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Fibromyalgia and Social Security Disability Benefits

If you are from US and are looking to qualify for Social Security Disability Insurance (SSDI) or Supplemental Security Income (SSI) benefits due to a diagnosis of Fibromyalgia, there are some things that you will need to prove to the SSA. Ram Meyyappan from tells here how those with Fibromyalgia can apply for SSDI and SSI benefits. He also shares what are the things we need to prove to SSA and the importance of proper legal representation.

In the United States, those who suffer from Fibromyalgia are among the many individuals who apply for Social Security Disability (SSD) benefits each year.

Social Security Disability (SSD) is a U.S. government program designed to provide financial relief to those who are unable to work due to a disability. You can apply for either Social Security Disability Insurance (SSDI) or Supplemental Security Income (SSI) benefits. SSDI is intended for individuals who are unable to work for at least a year due to their disability and have paid into the Social Security System for 5 out of the last 10 years. SSI, on other hand, is intended for those who do not have the necessary work history.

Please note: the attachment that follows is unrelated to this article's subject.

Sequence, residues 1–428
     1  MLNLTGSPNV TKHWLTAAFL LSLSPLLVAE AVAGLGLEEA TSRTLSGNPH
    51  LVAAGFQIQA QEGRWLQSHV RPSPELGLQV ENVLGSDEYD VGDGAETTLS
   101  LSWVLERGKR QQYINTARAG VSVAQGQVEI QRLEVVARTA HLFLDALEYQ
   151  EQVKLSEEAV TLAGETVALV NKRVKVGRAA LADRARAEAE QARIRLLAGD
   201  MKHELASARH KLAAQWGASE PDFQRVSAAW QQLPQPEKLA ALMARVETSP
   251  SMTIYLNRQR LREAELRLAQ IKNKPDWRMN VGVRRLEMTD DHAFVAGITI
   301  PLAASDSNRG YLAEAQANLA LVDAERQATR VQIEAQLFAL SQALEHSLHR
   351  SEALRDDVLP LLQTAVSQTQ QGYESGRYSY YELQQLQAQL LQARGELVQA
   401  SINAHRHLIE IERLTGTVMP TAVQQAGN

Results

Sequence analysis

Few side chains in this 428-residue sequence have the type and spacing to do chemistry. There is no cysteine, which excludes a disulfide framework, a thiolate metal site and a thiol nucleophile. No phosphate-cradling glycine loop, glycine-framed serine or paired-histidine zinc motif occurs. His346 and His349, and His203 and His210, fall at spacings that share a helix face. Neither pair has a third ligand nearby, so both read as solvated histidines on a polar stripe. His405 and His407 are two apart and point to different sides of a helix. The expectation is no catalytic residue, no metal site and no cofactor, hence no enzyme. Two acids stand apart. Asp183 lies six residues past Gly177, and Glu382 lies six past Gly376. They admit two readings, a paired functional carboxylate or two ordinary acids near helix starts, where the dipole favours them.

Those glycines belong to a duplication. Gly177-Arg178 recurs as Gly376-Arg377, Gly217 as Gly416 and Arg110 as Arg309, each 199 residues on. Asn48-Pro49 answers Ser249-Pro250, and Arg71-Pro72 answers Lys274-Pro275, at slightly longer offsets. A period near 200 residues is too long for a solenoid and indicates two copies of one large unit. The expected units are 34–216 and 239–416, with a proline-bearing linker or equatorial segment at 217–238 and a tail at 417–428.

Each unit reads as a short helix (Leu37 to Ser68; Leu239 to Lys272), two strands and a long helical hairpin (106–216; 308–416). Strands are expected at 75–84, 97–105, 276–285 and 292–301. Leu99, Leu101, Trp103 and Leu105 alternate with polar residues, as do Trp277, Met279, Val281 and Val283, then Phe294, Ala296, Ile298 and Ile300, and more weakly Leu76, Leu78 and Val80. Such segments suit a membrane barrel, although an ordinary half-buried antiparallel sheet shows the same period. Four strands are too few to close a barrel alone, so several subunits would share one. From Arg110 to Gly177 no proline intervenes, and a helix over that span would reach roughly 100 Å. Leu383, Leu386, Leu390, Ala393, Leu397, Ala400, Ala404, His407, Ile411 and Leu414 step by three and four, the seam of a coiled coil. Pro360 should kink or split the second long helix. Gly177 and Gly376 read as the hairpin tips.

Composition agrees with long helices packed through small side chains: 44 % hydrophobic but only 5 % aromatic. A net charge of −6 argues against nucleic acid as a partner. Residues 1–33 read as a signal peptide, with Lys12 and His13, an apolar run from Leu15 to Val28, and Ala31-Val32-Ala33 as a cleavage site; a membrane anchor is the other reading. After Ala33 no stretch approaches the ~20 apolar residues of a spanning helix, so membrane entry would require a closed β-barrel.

Qualifying for SSD with Fibromyalgia

When you apply for Social Security Disability benefits the first thing you need to do is file an initial claim. This is when you fill out the claim forms provided to you by the SSA. The forms can be filled out online or you can obtain them from your local Social Security office.

When you file these forms, make sure you provide sufficient medical evidence to support your claim. If you do not provide specific medical evidence supporting the severity of your condition, your claim will be denied.